The Latin American and Latino/a Studies program is an interdisciplinary program that asks students to study the socio-economic, cultural, and educational factors impacting the U.S. Latinx community. The goal of the minor is to help our students broaden their knowledge of the Latino/a population by exploring historical developments that impact the transnational identities of individuals and their families. This program also applies a critical examination of Latino cultures and key factors shaping U.S. Latino/a/x communities. Students are required to complete a course internship with a corporation, non-profit organization, or other work-place industry partner. The goal of this final internship capstone is to allow students to apply their skills in identifying and examining trends and opportunities among Latinos/as in a work-place experience. The interdisciplinary minor also prepares students for law school, graduate school, or additional career exploration.
|LTS/SOC-1200||Introduction to Latino Cultural Studies||4|
|LTS/SOC-1300||Latinos and Latinas in the United States||4|
|LTS-2940||Latino Community Internship||4|
|or LTS-3940||Latino Community Internship|
|LTS/HIS-3450||Latin American History||4|
|Select 4 semester hours of the following:||4|
|Introduction to U.S. Latino/a Literature|
|Politics and Policy in the Latino Community|
|Elementary Spanish I|
|Elementary Spanish II|
|Intermediate Spanish I|
|Intermediate Spanish II|
|Conversation and Culture Through Spanish Language Films|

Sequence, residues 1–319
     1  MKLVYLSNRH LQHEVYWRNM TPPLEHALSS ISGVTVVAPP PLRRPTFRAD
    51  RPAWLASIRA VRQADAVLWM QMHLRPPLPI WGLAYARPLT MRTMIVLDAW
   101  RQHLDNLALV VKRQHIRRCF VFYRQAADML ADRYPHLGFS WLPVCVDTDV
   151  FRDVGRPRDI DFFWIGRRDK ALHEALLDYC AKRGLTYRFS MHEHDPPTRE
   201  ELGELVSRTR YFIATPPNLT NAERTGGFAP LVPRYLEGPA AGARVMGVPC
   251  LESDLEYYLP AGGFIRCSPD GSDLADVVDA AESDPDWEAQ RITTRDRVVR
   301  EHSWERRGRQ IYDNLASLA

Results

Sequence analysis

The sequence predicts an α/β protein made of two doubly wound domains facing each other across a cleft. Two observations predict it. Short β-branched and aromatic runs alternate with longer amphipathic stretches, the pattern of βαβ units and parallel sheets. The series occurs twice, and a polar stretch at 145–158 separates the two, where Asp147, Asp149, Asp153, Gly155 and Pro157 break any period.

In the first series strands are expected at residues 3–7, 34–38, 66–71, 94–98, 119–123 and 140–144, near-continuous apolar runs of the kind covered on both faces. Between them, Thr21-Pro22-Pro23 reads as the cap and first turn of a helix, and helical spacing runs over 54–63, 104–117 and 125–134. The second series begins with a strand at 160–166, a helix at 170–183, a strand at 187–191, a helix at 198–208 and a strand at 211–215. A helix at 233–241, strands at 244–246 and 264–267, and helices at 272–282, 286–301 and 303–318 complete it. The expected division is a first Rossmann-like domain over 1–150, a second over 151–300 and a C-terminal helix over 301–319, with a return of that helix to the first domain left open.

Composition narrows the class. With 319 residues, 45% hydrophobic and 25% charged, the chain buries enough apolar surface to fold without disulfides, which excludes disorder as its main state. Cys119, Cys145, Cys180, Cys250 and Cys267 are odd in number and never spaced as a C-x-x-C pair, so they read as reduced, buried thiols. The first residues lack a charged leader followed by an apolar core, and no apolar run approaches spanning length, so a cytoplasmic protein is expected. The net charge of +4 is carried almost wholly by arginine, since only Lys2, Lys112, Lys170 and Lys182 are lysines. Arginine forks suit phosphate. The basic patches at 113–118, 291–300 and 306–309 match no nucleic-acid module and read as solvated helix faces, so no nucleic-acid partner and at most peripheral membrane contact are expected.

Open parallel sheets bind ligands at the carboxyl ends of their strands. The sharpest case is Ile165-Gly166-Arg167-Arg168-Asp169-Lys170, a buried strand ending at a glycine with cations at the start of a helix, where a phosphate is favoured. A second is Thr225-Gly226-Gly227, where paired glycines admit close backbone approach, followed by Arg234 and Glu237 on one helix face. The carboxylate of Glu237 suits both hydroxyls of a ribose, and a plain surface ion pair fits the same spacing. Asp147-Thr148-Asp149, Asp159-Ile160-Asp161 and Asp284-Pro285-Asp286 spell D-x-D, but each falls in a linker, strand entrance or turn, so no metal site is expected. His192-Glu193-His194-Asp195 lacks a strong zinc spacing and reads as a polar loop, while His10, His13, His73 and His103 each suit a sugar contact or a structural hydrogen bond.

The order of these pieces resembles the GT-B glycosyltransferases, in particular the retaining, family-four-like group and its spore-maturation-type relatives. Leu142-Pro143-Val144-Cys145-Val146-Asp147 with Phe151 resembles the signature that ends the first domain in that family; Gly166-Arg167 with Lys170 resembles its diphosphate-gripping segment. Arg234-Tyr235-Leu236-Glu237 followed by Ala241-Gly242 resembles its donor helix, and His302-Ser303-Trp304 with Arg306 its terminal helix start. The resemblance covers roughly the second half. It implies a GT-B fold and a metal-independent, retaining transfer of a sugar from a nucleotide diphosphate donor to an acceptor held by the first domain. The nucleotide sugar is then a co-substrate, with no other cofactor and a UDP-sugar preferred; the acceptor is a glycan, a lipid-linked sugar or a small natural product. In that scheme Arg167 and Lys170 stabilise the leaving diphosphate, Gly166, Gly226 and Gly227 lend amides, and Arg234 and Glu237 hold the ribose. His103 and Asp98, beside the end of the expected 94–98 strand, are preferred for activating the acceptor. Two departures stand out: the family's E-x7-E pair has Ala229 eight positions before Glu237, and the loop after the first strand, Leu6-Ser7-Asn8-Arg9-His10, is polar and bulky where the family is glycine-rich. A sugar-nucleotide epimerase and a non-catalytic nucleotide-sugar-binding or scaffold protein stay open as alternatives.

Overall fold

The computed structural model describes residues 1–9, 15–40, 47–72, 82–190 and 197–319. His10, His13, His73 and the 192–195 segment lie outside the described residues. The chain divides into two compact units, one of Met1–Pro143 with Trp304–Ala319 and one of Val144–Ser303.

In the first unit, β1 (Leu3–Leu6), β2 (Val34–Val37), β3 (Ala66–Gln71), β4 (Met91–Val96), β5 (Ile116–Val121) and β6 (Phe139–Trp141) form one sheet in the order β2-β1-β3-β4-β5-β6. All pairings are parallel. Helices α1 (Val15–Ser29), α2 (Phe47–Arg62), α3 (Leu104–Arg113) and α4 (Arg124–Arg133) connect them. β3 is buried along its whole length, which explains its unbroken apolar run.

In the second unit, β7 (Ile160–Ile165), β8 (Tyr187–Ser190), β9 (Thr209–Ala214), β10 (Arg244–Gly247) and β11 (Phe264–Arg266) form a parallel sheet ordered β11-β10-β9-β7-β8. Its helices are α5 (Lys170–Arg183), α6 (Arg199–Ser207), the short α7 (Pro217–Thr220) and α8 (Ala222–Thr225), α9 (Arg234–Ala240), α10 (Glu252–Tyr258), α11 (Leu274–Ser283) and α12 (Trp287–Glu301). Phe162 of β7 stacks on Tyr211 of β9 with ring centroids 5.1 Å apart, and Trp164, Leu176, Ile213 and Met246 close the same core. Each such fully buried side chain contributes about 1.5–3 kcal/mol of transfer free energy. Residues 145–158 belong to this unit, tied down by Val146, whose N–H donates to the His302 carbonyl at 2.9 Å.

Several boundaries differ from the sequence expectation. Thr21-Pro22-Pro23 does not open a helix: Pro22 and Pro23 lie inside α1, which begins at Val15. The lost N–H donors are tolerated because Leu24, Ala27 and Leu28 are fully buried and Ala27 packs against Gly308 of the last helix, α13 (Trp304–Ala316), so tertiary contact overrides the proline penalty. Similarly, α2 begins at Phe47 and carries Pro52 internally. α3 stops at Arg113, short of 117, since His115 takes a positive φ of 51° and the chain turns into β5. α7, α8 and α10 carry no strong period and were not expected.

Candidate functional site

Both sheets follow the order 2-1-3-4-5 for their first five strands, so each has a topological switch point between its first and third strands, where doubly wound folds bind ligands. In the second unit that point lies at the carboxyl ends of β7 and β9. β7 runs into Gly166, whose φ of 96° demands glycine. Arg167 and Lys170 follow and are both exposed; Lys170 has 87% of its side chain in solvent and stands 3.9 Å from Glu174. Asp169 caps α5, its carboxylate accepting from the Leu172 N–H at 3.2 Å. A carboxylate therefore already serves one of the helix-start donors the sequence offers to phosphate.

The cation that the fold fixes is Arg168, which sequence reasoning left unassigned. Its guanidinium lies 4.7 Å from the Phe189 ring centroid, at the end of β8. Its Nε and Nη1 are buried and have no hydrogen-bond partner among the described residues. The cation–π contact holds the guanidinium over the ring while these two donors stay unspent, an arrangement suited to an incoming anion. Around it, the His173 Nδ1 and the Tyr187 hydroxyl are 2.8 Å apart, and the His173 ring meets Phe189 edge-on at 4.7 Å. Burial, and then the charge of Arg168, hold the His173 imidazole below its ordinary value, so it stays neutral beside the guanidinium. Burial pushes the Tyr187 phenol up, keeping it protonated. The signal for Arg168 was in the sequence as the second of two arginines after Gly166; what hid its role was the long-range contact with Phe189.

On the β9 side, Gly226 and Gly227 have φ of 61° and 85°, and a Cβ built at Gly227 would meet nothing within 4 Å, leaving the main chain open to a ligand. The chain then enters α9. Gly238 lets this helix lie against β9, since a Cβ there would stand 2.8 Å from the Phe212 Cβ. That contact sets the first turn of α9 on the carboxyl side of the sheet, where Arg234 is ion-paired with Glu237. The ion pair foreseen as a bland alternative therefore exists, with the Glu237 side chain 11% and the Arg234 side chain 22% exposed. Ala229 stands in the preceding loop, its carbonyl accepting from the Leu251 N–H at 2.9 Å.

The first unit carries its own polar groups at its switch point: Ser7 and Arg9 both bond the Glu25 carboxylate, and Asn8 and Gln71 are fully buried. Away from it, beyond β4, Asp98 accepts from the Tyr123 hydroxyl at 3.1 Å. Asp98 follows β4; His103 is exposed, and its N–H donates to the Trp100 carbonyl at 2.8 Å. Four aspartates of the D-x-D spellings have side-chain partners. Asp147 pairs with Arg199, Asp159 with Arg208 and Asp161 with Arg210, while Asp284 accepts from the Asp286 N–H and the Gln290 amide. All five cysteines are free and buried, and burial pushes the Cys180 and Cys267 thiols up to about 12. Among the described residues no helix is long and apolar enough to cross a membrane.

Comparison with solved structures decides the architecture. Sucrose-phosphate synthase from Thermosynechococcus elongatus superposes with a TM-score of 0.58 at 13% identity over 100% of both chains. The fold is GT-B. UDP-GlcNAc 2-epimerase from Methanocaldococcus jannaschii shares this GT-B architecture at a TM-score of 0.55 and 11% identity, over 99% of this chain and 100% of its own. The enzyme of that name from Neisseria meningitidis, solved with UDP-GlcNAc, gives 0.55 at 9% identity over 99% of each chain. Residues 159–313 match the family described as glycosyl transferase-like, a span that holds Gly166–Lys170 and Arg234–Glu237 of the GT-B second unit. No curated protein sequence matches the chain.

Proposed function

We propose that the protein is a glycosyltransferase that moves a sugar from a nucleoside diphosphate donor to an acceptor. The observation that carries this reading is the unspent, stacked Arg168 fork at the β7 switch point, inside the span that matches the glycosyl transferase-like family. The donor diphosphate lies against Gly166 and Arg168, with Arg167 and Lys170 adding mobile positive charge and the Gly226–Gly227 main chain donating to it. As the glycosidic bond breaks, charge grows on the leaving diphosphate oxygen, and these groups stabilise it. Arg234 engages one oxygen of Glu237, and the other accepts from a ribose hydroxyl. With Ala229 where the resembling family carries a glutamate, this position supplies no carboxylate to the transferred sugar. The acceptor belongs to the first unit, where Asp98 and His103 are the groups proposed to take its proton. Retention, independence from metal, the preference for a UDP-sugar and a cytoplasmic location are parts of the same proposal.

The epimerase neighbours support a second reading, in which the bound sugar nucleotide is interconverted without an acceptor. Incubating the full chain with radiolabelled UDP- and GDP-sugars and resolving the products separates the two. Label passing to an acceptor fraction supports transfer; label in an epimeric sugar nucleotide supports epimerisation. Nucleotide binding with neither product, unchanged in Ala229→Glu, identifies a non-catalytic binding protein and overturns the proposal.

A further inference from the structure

Regulations Governing Minors
- Minors at Aurora University are optional. They are not required for graduation.
- A minor shall comprise a minimum of 18 semester hours.
- At least 25% of the credits applied to a minor must be earned at AU.
- Each minor must be developed and monitored by an approved program committee of the faculty; new or substantially revised minors require the approval of the Board of Trustees based on recommendations from the program committee, the appropriate school/college governance bodies, the Academic Dean, appropriate university governance bodies, the Chief Academic Officer, and the President.
- Beyond the minimum coursework requirement, the content, structure, and extent of a minor are prerogatives of the individual program committees within the schools and colleges of the university, except as otherwise defined or restricted by the academic regulations.
- No “D” will apply toward minors.
- A maximum of four (4) semester hours of credit/no credit coursework will apply toward a minor.
- Students will describe and critically examine the U.S. Latino experience through multidisciplinary perspectives, specifically, historical, political, social, cultural, educational, and economic lenses.
- Demonstrate understanding of the history of Latinos/as in the United States and relationship to Spanish speaking countries
- Identify and discuss key themes in the critical study of Latina/o/x culture, including the effects of migration, urbanization, and acculturation on the Latino population in the United States
- Explain the growth and development of Latina/o/x communities in the United States over the past several decades
- Demonstrate self-awareness of personal history and attitudes towards U.S. Latinos and cultures
- Use Critical thinking and research skills to advance arguments supported with evidence, both in writing and via public speaking
- Students will discuss and evaluate contemporary topics facing Latinos/as in the United States, including but not limited to identity formation, family life, generational and socio-cultural change, and questions of race, class, and gender.
- Examine factors that impact the integration of Latinos/as in U.S. landscape in venues such as politics, education, economics and health-care
- Analyze historical and geographic evidence and statistical and demographic data regarding diverse Latina/o populations in the United States, and identify major themes emerging from this data
- Use an interdisciplinary perspective to evaluate how Latinos fare in the United States vis-à-vis diverse issues